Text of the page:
my recent reads..

Atomic Accidents: A History of Nuclear Meltdowns and Disasters; From the Ozark Mountains to Fukushima
Power Sources and Supplies: World Class Designs
Red Storm Rising
Locked On
Analog Circuits Cookbook
The Teeth Of The Tiger
Sharpe's Gold
Without Remorse
Practical Oscillator Handbook
Red Rabbit

Monday, January 29, 2007

Handling range parameters in Bash

I've come across a few occasions where I wanted to specify a "range parameter" for Bash scripts. Like "1..4" meaning do for 1,2,3 and 4.

Here's a simple trick that uses the (relatively obscure) variable expansion and substring replacement capabilities of the shell.
v_range="1..3" # or you could have taken it as a script parameter
v_start=${v_range%%.*} # chomp everything from the left-most matching "."
v_end=${v_range##*.} # chomp everything up to the right-most matching "."

The repeated %% and ## basically mean you will get a "greedy" match, so you can say "1..4" or "1....5"; it doesn't matter how many repeats you have of the range delimiter. Of course, you can choose other delimiters such as a hyphen, as in "5-10", if you wish.

Now that you have extracted the start and end indices, you can then loop or whatever to your hearts content:
for ((a=v_start; a <= v_end ; a++))
echo "Looping with a=$a"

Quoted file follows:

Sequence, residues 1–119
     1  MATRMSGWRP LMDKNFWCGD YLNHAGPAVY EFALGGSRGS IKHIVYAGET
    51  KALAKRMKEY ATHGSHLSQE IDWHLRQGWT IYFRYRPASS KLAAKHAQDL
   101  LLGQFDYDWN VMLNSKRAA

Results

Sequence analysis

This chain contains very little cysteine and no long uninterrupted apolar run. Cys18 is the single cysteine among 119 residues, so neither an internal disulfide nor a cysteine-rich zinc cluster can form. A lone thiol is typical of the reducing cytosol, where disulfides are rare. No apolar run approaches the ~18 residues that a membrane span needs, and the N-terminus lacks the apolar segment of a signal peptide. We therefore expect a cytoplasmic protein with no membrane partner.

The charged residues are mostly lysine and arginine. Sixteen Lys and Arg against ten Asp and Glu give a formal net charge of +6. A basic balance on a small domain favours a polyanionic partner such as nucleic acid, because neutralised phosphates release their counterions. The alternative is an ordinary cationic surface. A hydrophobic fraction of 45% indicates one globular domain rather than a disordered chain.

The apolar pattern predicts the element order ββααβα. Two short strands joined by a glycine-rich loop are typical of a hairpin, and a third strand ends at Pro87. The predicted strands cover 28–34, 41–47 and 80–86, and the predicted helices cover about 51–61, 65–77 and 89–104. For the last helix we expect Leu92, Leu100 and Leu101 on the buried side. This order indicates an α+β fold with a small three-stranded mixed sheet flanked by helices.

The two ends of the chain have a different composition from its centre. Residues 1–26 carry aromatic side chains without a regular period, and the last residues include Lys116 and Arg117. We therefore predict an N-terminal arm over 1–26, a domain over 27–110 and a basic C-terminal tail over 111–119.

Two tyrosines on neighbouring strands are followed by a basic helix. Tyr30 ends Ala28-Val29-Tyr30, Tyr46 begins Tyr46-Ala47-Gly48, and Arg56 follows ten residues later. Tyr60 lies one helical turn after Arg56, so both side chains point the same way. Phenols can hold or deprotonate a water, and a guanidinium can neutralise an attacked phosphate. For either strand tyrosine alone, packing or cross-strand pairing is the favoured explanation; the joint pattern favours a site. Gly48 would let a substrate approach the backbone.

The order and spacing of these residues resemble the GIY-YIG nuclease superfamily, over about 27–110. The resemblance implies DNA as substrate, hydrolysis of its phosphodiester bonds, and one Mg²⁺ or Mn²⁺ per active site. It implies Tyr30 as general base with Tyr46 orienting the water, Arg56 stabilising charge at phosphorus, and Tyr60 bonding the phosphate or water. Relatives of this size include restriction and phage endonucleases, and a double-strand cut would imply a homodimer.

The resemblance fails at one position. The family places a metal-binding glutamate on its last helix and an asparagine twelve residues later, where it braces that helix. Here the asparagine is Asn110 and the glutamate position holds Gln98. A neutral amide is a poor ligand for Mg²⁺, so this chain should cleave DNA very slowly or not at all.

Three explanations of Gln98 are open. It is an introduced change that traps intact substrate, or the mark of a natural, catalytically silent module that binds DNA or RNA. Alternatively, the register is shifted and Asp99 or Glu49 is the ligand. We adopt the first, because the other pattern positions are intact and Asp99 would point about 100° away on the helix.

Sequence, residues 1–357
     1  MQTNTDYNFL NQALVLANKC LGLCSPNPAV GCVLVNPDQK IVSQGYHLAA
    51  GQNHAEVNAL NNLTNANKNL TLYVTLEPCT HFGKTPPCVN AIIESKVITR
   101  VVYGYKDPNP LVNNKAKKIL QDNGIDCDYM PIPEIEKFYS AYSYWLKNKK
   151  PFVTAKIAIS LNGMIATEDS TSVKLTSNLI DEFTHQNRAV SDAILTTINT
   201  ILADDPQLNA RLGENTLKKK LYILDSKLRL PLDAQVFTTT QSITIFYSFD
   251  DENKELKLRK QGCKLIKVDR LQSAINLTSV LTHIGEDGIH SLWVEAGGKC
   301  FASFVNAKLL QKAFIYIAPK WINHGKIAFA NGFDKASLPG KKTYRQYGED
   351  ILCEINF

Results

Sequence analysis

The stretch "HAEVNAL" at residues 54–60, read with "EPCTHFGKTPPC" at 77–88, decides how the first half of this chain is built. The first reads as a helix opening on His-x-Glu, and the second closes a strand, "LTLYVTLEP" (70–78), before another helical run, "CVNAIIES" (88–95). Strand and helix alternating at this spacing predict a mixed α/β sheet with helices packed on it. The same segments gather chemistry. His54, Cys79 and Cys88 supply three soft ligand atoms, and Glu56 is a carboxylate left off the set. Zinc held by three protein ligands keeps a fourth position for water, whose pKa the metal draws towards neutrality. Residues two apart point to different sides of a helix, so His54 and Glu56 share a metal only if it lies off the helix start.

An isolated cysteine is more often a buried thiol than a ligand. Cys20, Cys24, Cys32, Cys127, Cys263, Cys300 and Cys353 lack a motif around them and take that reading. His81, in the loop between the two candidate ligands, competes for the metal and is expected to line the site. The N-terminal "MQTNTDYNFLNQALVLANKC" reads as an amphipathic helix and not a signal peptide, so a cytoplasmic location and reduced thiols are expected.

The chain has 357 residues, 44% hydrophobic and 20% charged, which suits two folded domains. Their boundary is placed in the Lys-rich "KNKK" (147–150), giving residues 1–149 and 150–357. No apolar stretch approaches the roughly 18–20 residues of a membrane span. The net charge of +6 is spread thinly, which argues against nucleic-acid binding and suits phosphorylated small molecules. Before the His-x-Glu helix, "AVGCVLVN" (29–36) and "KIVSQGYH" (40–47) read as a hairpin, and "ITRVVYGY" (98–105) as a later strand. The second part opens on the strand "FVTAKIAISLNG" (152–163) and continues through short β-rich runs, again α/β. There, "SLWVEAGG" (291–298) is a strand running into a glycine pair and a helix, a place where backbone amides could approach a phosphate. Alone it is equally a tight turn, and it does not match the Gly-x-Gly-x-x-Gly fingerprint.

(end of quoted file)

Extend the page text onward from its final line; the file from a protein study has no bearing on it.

For more information on variable expansion, see 9.3 in the Advanced Bash Scripting Guide.

Postscript 5-Feb-2008:
We live and learn! Hat tip to buford for alerting me to the seq utility, which simplifies the iteration over a range, as in:
for a in `seq 1 10`
echo "Looping with a=$a"

You still need to determine the start and end values of the range, which is the whole point of the variable expansions approach posted here.


Anonymous said...

for f in `seq 1 10`; do echo $f; done

Anonymous said...

It's not a builtin, it's a program:
type seq:
seq is hashed (/usr/bin/seq)

It's part of coreutils.

jadu saikia said...

$(jot - 1 16 2)

can be a replacement of the following two:

$(seq 1 2 16)

** jot prints sequential or random

More of jot :

// Jadu

Paul said...

Thanks Jadu, jot is yet another little utility I'd never heard of before!

Like your blog too..

Anonymous said...

for x in {1..4}; do echo $x; done

Paul said...


for x in {1..4}; do echo $x; done

.. works OK with literals, but how do you substitute the range with a variable?

for x in {${v_range}}; do echo $x; done
# doesn't work, nor does:
for x in {${v_start}..${v_end}}; do echo $x; done
# nor does:
for x in {v_start..v_end}; do echo $x; done

Szilard said...

a=1; b=10; for i in `seq $a $b`; do echo $i; done

works for me

Szilard said...

for i in 'seq $a $b`;do echo $i; done

Works for me.

Paul said...

@Szilard good thought, although I think it still requires some parsing in order to deal with parameters supplied like "1..4" or "1-3", which was the original problem I was facing